I can’t imagine the emotions running through Clarke MacArthur’s mind at this moment.
After a long and arduous recuperation process that left the Senators’ left winger admittedly feeling like he was symptom-free and physically ready to return to the lineup, he has been shut down for the remainder of the season after doctors refused to medically clear him.
Leading up to this announcement, MacArthur’s return seemed promising.
Not only was he was back skating and practicing with the team, his general manager even guaranteed on a local sports radio interview that MacArthur would return and play games for the organization this season.
All he had to do was pass a three-hour baseline test.
He not only failed to pass its thresholds, but according to TSN‘s Ian Mendes Senators general manager Pierre Dorion “emphasized that several doctors – including those independent from the Senators organization – came to the conclusion that MacArthur should not lace up his skates again this season.”
Considering the class action lawsuits being levied against professional sports leagues and the cognizance of the long-term impacts on athletes who have suffered significant brain trauma, it’s not a surprise to see teams put these interests ahead of their on-ice interests.
The club’s decision has to be a tough pill to swallow for a player who we have to believe now recognizes the importance of transparency and not hiding symptoms after his trials and tribulations last season.
Mendes even addressed rumours that MacArthur had flown down to Florida “desperately seeking another medical opinion”.
If true, it speaks to the levels that MacArthur is willing to go to to have a chance to return to the lineup, but it puts his career at a crossroads.
Even though all indications are that MacArthur wants to continue his career and play, the reality is that he has not played since October of 2015 and regardless of how he feels physically, something is preventing him from meeting the medical standards needed for clearance.
For MacArthur, it’s got to be gut-wrenching to put in all that work and time and still be no further ahead, but as painful as it is, at least the organization and doctors are being diligent and are putting him in a position where his quality of life isn’t being put at further risk.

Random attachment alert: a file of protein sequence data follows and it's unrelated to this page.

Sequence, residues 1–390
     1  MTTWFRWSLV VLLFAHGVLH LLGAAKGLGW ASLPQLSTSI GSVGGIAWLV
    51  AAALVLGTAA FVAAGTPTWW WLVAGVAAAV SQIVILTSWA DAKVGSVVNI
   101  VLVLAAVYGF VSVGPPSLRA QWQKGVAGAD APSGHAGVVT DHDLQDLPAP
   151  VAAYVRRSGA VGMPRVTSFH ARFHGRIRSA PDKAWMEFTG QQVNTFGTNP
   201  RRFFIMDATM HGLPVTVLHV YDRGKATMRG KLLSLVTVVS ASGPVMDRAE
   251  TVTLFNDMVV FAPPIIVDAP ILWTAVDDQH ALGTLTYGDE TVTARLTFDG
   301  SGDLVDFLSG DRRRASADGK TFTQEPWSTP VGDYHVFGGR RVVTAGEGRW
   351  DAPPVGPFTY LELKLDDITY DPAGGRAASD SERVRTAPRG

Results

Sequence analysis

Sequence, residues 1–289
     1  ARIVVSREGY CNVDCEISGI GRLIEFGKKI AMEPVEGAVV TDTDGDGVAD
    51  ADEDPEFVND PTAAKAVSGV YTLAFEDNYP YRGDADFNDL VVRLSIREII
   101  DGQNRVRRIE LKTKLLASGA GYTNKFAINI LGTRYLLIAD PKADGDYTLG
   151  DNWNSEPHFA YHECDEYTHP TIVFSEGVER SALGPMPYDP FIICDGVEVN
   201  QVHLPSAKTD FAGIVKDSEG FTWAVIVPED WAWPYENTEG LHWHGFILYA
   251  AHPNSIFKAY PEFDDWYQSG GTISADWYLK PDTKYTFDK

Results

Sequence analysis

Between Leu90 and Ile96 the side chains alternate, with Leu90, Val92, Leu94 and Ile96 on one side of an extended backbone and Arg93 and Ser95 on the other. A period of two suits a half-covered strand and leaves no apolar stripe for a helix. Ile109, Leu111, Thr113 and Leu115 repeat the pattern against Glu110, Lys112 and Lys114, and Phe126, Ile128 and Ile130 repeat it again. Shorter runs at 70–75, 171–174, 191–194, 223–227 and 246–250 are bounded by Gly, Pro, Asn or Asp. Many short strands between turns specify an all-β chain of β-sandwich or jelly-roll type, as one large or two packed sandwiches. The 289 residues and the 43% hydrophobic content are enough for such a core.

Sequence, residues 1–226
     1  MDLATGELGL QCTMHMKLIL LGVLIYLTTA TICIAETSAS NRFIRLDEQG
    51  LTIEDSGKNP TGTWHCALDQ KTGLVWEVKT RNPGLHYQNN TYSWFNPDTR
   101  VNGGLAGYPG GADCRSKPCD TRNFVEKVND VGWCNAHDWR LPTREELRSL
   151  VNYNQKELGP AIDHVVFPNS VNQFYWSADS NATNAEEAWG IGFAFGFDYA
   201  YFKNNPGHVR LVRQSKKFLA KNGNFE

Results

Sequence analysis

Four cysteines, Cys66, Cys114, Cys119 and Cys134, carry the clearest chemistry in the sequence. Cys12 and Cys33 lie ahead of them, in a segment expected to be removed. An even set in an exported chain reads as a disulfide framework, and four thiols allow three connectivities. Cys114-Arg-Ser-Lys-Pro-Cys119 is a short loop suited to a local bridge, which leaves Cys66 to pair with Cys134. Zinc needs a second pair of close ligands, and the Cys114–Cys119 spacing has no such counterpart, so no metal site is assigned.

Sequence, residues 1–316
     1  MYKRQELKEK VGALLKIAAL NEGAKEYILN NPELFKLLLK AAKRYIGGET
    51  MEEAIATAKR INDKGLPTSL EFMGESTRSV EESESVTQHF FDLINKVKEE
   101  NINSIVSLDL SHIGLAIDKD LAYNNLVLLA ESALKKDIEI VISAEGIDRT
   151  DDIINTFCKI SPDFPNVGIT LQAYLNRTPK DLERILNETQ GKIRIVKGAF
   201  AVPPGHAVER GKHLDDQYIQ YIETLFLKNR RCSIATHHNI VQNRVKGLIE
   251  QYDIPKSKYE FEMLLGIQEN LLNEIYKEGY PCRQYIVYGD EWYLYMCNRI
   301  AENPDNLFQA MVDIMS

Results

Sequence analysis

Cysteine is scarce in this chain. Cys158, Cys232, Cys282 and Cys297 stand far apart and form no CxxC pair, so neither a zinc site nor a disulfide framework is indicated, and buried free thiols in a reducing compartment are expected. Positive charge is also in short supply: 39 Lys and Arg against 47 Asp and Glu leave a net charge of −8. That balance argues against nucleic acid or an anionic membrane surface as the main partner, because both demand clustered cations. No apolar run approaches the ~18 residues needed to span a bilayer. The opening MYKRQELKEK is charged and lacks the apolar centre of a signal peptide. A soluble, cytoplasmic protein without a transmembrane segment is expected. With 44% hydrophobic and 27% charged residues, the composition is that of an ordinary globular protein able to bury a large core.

Now the Senators are tasked with the reality that MacArthur may never play again.
Many have suggested that the Senators may look for another top six forward to replace MacArthur, but it’s difficult to envision the Senators abandoning their dollar-in/dollar-out policy and having the money or willingness to give up the kind of opportunity cost that would required to bring in a quality talent.
Maybe that attitude could shift if ownership and management is convinced that the playoff revenues could help offset the additional salary the Senators take on, but between Ryan Dzingel, Zack Smith and Mike Hoffman, it’s not like the Senators don’t have quality depth on left wing. Similarly, with Bobby Ryan and Mark Stone playing on the first two lines on the right wing, it’s not like the Senators are going to make a move to improve the top-six there either.
Mind you, between this being Dzingel’s first full season and Smith’s uncertain future as an impending unrestricted free agent, maybe the Senators believe they could use some flexibility there.
They also must be considering whether it’s prudent for a small market team to move a surplus of future assets for a perceived upgrade when there are other areas of weakness — the bottom six depth and the blue line — that can be addressed more efficiently given the parameters from which the Senators have to operate.
Ideally, they can find someone who can not only make the team better now, but also be a part of their long-term vision. Where the Senators have hamstrung themselves a bit recently is through their allocation of resources. Trades were made where sizable opportunity costs were used to bring in decent players who have struggled to push the needle and help transition this team from it’s playoff contender status.
The problem is that the congestion in the standings means that the market is limited with quality options now. Rather than exhaust the organization’s prospect depth on what they feel could be a fit now, it may serve the team’s best interests to see what’s available at the conclusion of the season when the market naturally expands. (As an aside, it still remains to be seen whether the Senators could even afford to get in on the markets for desirable players — think Matt Duchene or Gabriel Landeskog. Since MacArthur will now rest on the shelf for the remainder of the year, maybe that frees up some cash, but that isn’t certain either.)
Besides, it’s possible that the best solution for Ottawa’s forward depth could come from within the organization. Once Colin White’s season ends with Boston College, he may be the best source inexpensive two-way depth and it won’t cost the Senators any future assets to get him into the lineup.